Drug price inflation outpaces general inflation, AARP study finds
WASHINGTON — Prices for generic drugs may be dropping, but increases in branded and specialty drug prices have offset those decreases, according to a new study.
The study, conducted by AARP's Public Policy Institute, found that the cumulative change in drug prices from 2005 to 2009 was almost double the rate of inflation. As a result, the average annual cost of drug therapy continued to rise.
The study was based on examinations of retail prices for the 514 drugs most used by Medicare beneficiaries. In 2009, while the rate of general inflation was -0.3%, the drugs increased in price by an average of 4.8%. Branded drugs increased in price by 8.3%, while specialty drugs rose by 8.9% and generic drugs decreased by 7.8%.
"For the people who rely on these drugs, such relentless price increase have serious implications," AARP SVP public strategy Cheryl Matheis said. "Despite price reductions for generics, it's evident that the considerable increases in brand name and specialty drug prices are still leaving Americans with overall costs that are growing far faster than the rate of inflation."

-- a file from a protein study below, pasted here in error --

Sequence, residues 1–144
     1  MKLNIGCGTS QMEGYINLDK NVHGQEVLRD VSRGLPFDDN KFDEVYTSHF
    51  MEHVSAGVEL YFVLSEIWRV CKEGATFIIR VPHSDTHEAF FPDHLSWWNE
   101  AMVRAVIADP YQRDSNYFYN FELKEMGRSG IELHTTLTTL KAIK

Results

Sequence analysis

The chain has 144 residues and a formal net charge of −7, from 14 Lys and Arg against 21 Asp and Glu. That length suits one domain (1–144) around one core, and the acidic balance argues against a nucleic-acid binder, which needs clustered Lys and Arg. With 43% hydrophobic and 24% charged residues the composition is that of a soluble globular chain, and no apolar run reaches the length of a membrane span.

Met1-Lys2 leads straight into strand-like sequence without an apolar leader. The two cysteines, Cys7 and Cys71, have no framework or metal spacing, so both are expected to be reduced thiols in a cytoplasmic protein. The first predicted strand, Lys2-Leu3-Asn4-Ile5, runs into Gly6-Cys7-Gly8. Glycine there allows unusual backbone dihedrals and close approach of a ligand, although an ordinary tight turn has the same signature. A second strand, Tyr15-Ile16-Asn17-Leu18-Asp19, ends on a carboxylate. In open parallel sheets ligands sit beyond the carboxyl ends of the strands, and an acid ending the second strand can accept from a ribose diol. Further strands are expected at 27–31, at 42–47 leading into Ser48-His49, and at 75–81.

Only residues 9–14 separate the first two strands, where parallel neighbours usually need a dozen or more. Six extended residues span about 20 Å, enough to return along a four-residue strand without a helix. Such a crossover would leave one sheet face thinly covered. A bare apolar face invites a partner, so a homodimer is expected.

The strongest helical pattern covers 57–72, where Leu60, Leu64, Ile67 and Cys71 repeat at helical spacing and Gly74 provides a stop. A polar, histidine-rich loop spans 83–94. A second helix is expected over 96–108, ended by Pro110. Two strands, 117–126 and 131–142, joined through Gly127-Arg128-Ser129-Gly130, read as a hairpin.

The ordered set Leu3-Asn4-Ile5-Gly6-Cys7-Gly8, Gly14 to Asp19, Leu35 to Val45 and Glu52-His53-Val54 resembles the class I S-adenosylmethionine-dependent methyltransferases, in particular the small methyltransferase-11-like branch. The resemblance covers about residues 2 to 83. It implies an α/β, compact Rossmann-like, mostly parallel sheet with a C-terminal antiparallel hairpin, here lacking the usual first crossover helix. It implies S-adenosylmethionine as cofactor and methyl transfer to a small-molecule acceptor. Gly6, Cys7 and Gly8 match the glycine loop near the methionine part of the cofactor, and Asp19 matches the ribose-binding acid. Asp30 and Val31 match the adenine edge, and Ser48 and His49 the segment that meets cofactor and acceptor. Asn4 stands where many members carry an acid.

For the 469 drugs on the market since the end of 2004, prices increased by 25.6% from 2005 to 2009, while the general inflation rate was 13.3%. Consumers taking drugs to treat chronic diseases found that their average annual cost increased from $2,160 to $3,168.